Canon XCIII. (Greek xcvi.)
The character of the Commonitory which the legates received against the Donatists.
The Commonitorium for our brothers Theasius and Evodius, sent as legates from the Council of Carthage to the most glorious and most religious princes. When by the help of the Lord they are come into the presence of the most pious princes, they shall declare to them with what fulness of confidence, according to the direction of the council of the year before, the prelates of the Donatists had been urged by the municipal authority to assemble, in order that if they really meant their professions, they might by fit persons chosen from their number, enter into a peaceful conference with us in Christian meekness, and whatever they held as truth they might not hesitate to declare it frankly; so that from such conference the sincerity of the Catholic position, which has been conspicuous for so long a time, might be perceived even by those who from ignorance or obstinacy were opposing themselves to it. But deterred by their want of confidence they scarcely ventured to reply. And forsooth, because we had discharged toward them the offices which become bishops and peacemakers, and they had no answer to make to the truth, they betook themselves to unreasonable acts of brute force, and treacherously oppressed many of the bishops and clergy, to say nothing of the laity. And some of the churches they actually invaded, and tried to assault still others.
And now, it behoves the gracious clemency of their Majesties to take measures that the Catholic Church, which has begotten them as worshippers of Christ in her womb, and has nourished them with the strong meat of the faith, should by their forethought, be defended, lest violent men, taking advantage of the times of religious excitement, should by fear overcome a weak people, whom by argument they were not able to pervert. It is well known how often the vile gatherings (detestabilis manus) of the Circumcelliones 471 have been forbidden by the laws, and also condemned by many decrees of the Emperors, their majesties most religious predecessors. Against the madness of these people it is not unusual nor contrary to the holy Scriptures to ask for secular [θείας in the Greek] protection, since Paul the Apostle, as is related in the authentic Acts of the Apostles, warded off a conspiracy of certain lawless men by the help of the milip. 489 tary. Now then we ask that there be extended to the Catholic Churches, without any dissimulation, the protection of the ordinum [i.e. companies of soldiers, stationed] in each city, and of the holders of the suburban estates in the various places. 472 At the same time it will be necessary to ask that they give commandment that the law, set forth by their father Theodosius, of pious memory, which imposed a fine of ten pounds of gold upon both the ordainers and the ordained among heretics, and which was also directed against proprietors at whose houses conventicles were held, be confirmed anew; so that it may be effective with persons of this sort when Catholics, provoked by their wiles, shall lay complaint against them; so that through fear at least, they may cease from making schisms and from the wickedness of the heretics, since they refuse to be cleansed and corrected by the thought of the eternal punishment.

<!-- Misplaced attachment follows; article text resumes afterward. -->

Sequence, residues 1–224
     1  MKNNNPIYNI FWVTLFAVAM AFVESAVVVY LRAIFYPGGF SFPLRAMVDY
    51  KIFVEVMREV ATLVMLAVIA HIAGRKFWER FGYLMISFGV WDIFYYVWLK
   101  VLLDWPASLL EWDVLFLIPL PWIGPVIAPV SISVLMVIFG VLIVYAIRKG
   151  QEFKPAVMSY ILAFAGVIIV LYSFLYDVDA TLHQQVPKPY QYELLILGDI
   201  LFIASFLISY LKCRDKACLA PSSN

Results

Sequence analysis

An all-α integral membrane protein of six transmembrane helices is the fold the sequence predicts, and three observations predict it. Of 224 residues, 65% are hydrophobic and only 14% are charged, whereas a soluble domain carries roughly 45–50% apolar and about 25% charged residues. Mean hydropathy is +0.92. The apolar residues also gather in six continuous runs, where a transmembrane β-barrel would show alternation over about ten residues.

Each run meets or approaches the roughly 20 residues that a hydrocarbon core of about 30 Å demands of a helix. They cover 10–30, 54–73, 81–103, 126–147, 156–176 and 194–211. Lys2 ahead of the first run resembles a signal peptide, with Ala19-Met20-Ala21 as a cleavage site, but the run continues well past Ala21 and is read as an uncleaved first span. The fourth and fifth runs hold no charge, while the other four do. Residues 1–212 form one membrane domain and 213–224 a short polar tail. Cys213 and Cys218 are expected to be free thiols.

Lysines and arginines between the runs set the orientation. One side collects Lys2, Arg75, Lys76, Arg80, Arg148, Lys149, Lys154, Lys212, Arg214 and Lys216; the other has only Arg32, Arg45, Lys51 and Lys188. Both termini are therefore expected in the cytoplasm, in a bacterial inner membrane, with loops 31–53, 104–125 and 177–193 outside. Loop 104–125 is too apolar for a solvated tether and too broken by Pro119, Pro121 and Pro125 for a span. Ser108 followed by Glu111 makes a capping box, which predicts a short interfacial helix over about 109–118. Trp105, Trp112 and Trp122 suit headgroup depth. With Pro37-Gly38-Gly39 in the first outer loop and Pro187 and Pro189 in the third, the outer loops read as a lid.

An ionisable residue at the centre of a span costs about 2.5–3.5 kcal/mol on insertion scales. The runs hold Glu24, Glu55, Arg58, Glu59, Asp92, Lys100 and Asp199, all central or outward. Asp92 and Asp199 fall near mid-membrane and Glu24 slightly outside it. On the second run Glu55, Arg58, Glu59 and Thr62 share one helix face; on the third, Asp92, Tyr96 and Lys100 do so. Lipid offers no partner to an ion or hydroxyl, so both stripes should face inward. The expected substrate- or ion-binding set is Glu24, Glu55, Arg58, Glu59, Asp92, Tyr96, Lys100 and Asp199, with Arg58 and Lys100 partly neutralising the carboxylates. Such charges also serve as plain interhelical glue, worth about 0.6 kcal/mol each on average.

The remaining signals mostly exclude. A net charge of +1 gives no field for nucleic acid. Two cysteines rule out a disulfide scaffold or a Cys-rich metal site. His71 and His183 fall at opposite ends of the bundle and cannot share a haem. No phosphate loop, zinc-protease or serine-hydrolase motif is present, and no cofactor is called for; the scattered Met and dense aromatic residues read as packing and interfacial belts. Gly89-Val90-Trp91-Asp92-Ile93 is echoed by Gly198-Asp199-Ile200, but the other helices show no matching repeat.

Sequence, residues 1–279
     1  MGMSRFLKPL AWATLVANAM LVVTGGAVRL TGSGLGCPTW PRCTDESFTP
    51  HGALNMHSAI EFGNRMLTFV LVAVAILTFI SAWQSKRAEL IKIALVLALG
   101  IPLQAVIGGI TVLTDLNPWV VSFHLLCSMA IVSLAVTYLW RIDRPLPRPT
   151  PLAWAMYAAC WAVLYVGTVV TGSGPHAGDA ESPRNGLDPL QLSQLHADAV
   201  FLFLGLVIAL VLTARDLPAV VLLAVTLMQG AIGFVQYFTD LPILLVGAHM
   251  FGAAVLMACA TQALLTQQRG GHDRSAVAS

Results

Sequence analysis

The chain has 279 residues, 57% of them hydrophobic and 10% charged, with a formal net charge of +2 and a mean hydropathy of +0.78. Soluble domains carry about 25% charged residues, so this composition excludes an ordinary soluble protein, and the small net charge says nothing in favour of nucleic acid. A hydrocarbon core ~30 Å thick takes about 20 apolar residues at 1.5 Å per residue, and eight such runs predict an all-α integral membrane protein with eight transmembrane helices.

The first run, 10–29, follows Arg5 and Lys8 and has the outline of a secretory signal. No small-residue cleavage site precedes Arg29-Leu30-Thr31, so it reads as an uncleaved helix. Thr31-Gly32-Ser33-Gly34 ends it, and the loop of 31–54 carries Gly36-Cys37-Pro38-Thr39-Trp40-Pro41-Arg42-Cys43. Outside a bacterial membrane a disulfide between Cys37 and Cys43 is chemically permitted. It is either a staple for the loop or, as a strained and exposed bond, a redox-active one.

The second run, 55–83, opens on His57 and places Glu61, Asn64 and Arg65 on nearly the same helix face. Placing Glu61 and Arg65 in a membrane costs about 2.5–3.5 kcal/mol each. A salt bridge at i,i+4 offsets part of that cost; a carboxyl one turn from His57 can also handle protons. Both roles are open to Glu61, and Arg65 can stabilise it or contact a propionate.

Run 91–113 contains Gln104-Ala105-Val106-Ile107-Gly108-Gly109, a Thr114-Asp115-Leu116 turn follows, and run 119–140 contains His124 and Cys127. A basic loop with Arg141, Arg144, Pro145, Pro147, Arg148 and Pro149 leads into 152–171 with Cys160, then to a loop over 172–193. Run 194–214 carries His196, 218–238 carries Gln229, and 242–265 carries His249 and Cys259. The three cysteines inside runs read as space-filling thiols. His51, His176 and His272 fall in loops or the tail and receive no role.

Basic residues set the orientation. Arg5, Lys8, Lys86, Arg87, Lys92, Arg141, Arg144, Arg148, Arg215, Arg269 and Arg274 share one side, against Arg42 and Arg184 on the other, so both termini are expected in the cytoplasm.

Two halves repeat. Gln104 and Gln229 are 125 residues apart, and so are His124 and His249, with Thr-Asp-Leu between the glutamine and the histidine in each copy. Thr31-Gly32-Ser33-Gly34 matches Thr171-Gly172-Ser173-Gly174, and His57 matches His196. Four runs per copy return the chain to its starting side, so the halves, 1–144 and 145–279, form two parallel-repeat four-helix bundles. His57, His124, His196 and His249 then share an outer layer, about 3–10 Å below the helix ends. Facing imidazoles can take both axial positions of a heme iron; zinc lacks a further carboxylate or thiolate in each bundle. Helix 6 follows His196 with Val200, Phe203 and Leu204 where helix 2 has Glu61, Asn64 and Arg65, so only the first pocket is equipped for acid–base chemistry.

Let request be also made that the law depriving heretics of the power of being able to receive or bequeath by gift or by will, be straightway renewed by their Piety, so that all right of giving or receiving may be taken away from those who, blinded by the madness of obstinacy, are determined to continue in the error of the Donatists.